Graph Fight! More on Taylor’s Scatterplot
More on John Taylor‘s by-now infamous scatterplot. Earlier, I wrote that I thought he cherry-picked his data, so as to make the link between investment rates and unemployment look artificially strong. Taylor has responded. His observation is considered, and reasonable:
This shift up in unemployment in the 1970s and 1980s was due in part to the well-documented longer term increase in the natural rate of unemployment in the 1970s and 1980s, which many macroeconomists have researched and written about, but which Wolfers does not mention.
He then concludes:
When you recognize that such longer-term historical trends exist, you can see that there is a strong correlation between investment and unemployment that goes back before 1990.
While Taylor’s observation is correct, I think it’s worth examining whether his conclusion follows. Here’s the simple exercise that this logic suggests: Let’s replace the unemployment rate in Taylor’s scatter plot with the unemployment rate, less the natural rate (using CBO’s estimate of the NAIRU).
There’s no “strong correlation” here. Yes, there’s still a negative correlation, but it remains a relatively weak -0.20, even after making the adjustment he suggests. I don’t want to get into the business of cherry-picking data, but should also note that this negative correlation is attributable entirely to the past two years. For the preceding 60 years, the correlation is in fact mildly positive!
But my point isn’t to deny that a correlation may exist. It’s that Taylor chose a sample period that clearly overstates the reliability of this relationship. The next graph shows how strong the unemployment-investment rate correlation is, according to when you begin your sample. The blue line shows this for the actual unemployment (as in Taylor’s original post), while the red line shows this for unemployment relative to the natural rate.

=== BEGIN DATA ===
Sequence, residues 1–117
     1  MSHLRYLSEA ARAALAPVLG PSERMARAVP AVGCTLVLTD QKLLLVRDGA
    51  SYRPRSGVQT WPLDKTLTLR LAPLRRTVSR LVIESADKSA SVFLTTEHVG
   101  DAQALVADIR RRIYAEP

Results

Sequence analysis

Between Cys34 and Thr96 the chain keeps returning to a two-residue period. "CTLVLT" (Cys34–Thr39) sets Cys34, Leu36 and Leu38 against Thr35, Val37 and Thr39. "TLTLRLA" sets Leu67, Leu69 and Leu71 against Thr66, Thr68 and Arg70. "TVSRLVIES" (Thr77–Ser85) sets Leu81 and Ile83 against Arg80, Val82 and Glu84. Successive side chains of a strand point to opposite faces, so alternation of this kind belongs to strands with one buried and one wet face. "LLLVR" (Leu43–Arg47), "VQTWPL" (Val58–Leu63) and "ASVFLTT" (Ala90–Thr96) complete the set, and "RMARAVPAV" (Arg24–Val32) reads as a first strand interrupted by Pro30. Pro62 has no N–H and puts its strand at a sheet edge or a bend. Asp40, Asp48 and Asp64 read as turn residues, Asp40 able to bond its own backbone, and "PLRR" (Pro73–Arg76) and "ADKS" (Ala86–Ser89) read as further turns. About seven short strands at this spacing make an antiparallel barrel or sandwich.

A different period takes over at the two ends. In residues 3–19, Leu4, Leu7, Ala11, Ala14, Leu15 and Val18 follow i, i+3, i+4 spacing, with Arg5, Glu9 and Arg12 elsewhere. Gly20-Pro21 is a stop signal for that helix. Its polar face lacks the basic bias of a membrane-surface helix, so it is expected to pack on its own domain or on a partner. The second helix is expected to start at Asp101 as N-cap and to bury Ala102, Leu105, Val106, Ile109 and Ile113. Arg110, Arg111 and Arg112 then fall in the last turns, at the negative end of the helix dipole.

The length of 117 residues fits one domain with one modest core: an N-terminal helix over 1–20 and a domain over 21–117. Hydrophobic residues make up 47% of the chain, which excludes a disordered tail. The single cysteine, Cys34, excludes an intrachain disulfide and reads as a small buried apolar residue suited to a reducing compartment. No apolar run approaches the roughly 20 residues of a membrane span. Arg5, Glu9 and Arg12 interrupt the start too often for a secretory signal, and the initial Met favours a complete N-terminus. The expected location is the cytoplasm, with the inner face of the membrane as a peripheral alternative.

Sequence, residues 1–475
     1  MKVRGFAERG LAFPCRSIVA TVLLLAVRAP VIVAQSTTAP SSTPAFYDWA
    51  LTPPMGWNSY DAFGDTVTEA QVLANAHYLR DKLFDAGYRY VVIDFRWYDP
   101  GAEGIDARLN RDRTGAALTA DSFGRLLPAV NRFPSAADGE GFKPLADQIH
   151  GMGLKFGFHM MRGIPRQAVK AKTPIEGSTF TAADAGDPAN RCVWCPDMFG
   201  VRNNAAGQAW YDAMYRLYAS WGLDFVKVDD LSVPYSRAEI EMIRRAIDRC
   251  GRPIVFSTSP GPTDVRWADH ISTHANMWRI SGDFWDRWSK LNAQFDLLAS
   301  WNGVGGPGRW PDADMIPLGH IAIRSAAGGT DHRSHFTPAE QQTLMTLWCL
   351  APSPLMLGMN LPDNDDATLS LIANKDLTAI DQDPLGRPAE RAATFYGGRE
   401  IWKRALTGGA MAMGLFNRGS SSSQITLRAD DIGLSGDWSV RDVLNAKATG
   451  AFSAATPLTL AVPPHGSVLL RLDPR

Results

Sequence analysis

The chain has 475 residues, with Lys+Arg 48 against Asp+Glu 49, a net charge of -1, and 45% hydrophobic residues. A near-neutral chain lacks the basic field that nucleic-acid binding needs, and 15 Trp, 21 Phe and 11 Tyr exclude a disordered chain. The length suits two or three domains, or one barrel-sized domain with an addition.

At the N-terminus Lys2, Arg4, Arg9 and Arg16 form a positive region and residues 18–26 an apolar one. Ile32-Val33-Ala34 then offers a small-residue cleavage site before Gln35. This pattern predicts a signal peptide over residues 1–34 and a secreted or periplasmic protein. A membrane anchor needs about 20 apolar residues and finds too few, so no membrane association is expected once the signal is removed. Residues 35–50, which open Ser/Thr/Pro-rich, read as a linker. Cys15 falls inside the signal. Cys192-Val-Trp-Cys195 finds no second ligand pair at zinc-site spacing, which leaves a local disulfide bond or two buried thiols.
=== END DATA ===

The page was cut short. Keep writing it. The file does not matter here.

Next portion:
Starting the sample in 1990 appears to dramatically overstate the extent of this correlation.
Recall Taylor’s response that “there is a strong correlation between investment and unemployment that goes back before 1990.” Let’s test this. I’ll tweak the graph above, but this time take rolling 10-year windows of data (so now the data point for, say 1989 Q4 is the correlation between unemployment and the investment rate over the sample from the beginning of 1980 to the end of 1989):
The correlation between unemployment and investment is strongly negative, except when it isn’t. And accounting for changes in the natural rate of unemployment — as the red line does — doesn’t much change this conclusion. Taylor’s sample essentially consists of the 10-year correlation measured in 2000, and again in 2010. Obviously, these are two well-chosen points.
My observation remains: An honest assessment of the data should acknowledge the tentative nature of the conclusions drawn from a selected sample. There may also be real changes in the economy that explain why the strength — and indeed, sign — of this correlation has varied, although at this point, I’m confident that Taylor is wrong to argue that this variability is due to changes in the natural rate of unemployment.
Ironically, this is an issue that the younger John Taylor understood very well. One of my favorite Taylor papers — addressing a different topic, to be sure! — is “The Deterrent Effect of Capital Punishment: Another View” which argues pretty compellingly that:
Behind the use of time-series estimation is the assumption that the structure and coefficients to be estimated remain stable over the sample period… If this assumption is in fact not correct, the estimated function would have little use either as an explanation of the causes of murder or of the policy implications of changing the value of an exogenous variable in the structure.
In that paper, he finds that correlations estimated over the 1936-69 period depended critically on data from 1963-69, and hence that the controversial results of Isaac Ehrlich were too fragile to warrant reliance.
For more on the scatter plot, see also: Krugman (and again, and again and again); Taylor twice; DeLong twice; and Drum.